Plan your cycling routes quickly and easily with this seriously user-friendly app. Draw a vague route on the in-app map and it will automatically fix it to the nearest roads and paths, as well as giving you the route’s overall distance and elevation. If you’re especially adventurous and are biking where no paths go, you can also draw your route freestyle straight on the map. 99p, Pro £4.99, App Store,

Running Heroes

The name might suggest that this reward app is for runners only, but rest assured it also gives points for all the rides you log on it (through third-party apps like Strava, Fitbit and Garmin Connect) and we all know what points mean. The prizes on offer if you do enough activity are impressive – discounts on sports clothing brands, races and free treats like craft beer – and it doesn’t take any extra work on your part once you download the app and connect it to your preferred cycle-tracking software. Just keep on pedalling and check in occasionally to see what your rides have earned you. Free, App Store and Google Play,


Google Maps and the like will suffice for all your navigational needs in the city, but for riders who like to go off-road ViewRanger is a must – especially since it’s free. It comes with the OpenCycleMap that shows routes and trails for the entire world, and there’s the option to buy more detailed topographical maps for specific areas. These maps are stored locally on your phone so you can navigate even in areas where you have no signal. Free, App Store and Google Play,


Conventional mapping apps will do a solid job of getting you from A to B, but the complex network of cycle paths, or at least paths that can be cycled on, in big cities means a dedicated app like CycleMaps is definitely worth having to find the best route for those on two-wheels. Free, £3.99 pro, App Store,


The godfather of cycling apps, Strava’s reliable and detailed ride tracking is complemented by its segments feature, which allows users to compete for King of the Mountain titles over sections of their rides. Free, pro £5.99 monthly, App Store and Google Play,

Fill That Hole

Potholes. Hellish pits of despair. Scourge of the road. The cyclist’s greatest enemy. Fill That Hole makes it easy to report potholes to the local council responsible for fixing them, ensuring a smooth ride in the future. Free, App Store and Google Play,

Santander Cycles

This app can be a little buggy at times, but it’s still your best bet to find docking stations for London’s cycle-hire scheme. You can also hire bikes using the app and see which stations have a free space for returns – especially useful during the morning rush hour. Free, App Store and Google Play,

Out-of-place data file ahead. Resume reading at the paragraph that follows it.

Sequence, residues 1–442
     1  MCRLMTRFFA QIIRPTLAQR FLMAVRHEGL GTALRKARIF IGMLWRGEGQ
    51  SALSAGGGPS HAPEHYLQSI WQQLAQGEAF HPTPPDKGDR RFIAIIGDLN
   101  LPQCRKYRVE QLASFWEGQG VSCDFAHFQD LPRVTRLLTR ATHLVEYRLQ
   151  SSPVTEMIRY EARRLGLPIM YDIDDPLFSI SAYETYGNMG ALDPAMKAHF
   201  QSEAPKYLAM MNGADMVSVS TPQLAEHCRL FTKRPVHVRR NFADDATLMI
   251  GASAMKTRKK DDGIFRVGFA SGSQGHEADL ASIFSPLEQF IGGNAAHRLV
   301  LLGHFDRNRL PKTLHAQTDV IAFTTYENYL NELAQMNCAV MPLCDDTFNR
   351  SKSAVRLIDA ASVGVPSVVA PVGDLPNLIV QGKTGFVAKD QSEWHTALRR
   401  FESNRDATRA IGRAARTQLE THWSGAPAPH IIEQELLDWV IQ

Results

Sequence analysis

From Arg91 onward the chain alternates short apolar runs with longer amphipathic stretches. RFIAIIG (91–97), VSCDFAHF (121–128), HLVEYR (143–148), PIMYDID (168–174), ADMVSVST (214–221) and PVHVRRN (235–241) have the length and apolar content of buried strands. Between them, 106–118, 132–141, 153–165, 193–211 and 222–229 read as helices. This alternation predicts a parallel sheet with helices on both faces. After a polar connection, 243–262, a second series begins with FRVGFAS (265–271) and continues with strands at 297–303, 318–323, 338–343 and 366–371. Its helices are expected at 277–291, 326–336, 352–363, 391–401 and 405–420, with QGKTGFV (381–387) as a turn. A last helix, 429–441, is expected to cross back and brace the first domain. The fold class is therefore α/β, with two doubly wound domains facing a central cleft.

First Aid For Cyclists

Should something go wrong on your ride, heaven forfend, this app from St John Ambulance could come in very useful indeed, and all it will cost you is a few MB of your phone’s memory. Free, App Store and Google Play,

Bike Repair

Even if you never come a cropper while riding, your bike will require a little TLC at some stage. Most repair jobs can be done at home at minimal cost, but if you need some guidance this app has 58 detailed repair guides to help you fix most problems you’re likely to encounter. £2.99, App Store and Google Play,

My Virtual Mission

Make every commute count towards a grand cycling goal. Set up your mission – such as cycling the length of the Great Wall of China of taking a round the world trip – then watch as every ride takes you closer to your target. It’s a surprisingly compelling motivational tool. Free, App Store and Google Play,


Another option for those trying to find their ideal ride tracker, Endomondo is clear and simple, and will design a training plan to help you reach your fitness goals. Free, pro £4.49 monthly,

Google Maps

There’s a chance you’ve already heard of this one. However, it’s worth highlighting because, although Google Maps’ dedicated cycle-mapping options aren’t as good as the routes you’ll get from an app like CycleMaps, its turn-by-turn instructions are better. So when you’re really in a pinch, Google Maps remains the go-to option for getting you back on track. Free, App Store and Google Play,

Written by Nick Harris-Fry for Coach and legally licensed through the Matcha publisher network. Please direct all licensing questions to

February 1, 2021